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The story of the establishment of the line up the range to Tabletop.
The Wharf at Shenanigan's, the small towns along the line.
Planning, construction and the challenges that builders encountered.

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The Story of the Barron Tableland Railway

The town of Tabletop was founded in the early 1860's and centred on a natural pass in the Range, known as the Barron Tablelands, not because they a barren, but because the headwaters of the Barron River eminate from that Tableland region. The Barron River parallels Goanna Creek that the BTR follows and which has its source upstream from the town of Tabletop. Local features at Tabletop include, the underground limestone caves, hot pools and plentiful fresh water streams that traverse the lush and fertile grasslands and forests that cover this plateau. Farm produce, forest products, a developing cattle industry all made the region prosperous. Over the years packhorse tracks had established numerous routes up the Great Dividing Range from the coast to the Tableland. The discovery of mineral wealth on the Tableland in 1868 saw a massive influx of people and equipment and ever-increasing needs for travel and movement both up and down the mountains for people and goods. Then the subsequent need to get the ore down to a coastal wharf raised the prospect of building a unique railway connecting to an enhanced wharf loading facility on the coast near the mouth of Goanna Creek.
The town at Shenanigan's Wharf was established in the 1870's, as a transhipment port for goods to and from the hinterland settlements that sprang up on the Tableland some 50 kilometres inland and about 800m above sea level.

The town and station at Tabletop - - - - - - - - - - - - - - - - - - - - The wharf at Shenanigan's

The route selected was the optimum in alignment, gradient and distance travelled, and yet it presented the surveyors and builders with an enormous task. One design feature that seems unusual these days it that the surveyors and the quantity surveyors determined that they would avoid any tunnels and prefer to balance the volumes of cut and fill to keep construction costs down.
In what was surely one of the great engineering feats of the 19th century, a team of some 600 men worked under extraordinary conditions to further open up the Tableland for trade by connecting the coast to the rich hinterland region via this renowned railway. The Barron Tableland Railway was officially opened in October 1875, a mere 5 years from inception through surveying to construction to operation.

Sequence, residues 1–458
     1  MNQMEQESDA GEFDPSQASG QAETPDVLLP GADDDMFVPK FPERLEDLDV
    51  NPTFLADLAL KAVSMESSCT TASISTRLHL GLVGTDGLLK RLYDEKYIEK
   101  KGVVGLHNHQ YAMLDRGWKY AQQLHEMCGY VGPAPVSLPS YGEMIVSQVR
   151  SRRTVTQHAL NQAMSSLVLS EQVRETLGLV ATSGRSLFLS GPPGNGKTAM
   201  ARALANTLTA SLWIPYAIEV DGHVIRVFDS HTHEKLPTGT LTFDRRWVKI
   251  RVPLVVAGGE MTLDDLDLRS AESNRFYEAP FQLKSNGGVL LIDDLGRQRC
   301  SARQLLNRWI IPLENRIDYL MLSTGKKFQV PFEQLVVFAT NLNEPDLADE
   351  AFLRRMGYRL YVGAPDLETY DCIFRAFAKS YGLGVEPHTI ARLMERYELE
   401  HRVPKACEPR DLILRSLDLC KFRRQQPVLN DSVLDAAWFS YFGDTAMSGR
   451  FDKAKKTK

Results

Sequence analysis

Construction Camp, - - - - - - - - Shenanigan's, - - - - - - - - - - - - Const'n Gang photo, - - - - - - - - - - MS Kuranda at wharf.

For the construction gangs, the rainforest conditions brought unbearable heat, mosquitoes, disease, and energy sapping humidity as well as dense undergrowth to be cleared. The steep terrain meant difficult excavations and embankment filling to balance cut and fill operations was a quantity surveyors nightmare. The numerous bridges cuttings and embankments bear testament to the ingenuity and skills of the men who toiled in such difficult conditions.
The tenacity of the people who came to work on this railway is note worthy. Periodic damage from Cyclones, landslide or poor construction materials, meant work had to be done several times over.
Not all the local timbers were well suited to initial bridge construction and deterioration set in almost immediately. Such incidents saw repairs hastily undertaken from time to time. This is an ever-present situation, even today.
At various points along the line little camps sprang up, small tent shops and accommodation were temporarily set up for the duration of the construction of that local section of the line that was presently under construction. Such hamlets came and went in a matter of months as people packed up and moved up the line to the next area of activity. Still visible today all along the railway are the remnants of such small villages and the foot tracks that linked them.

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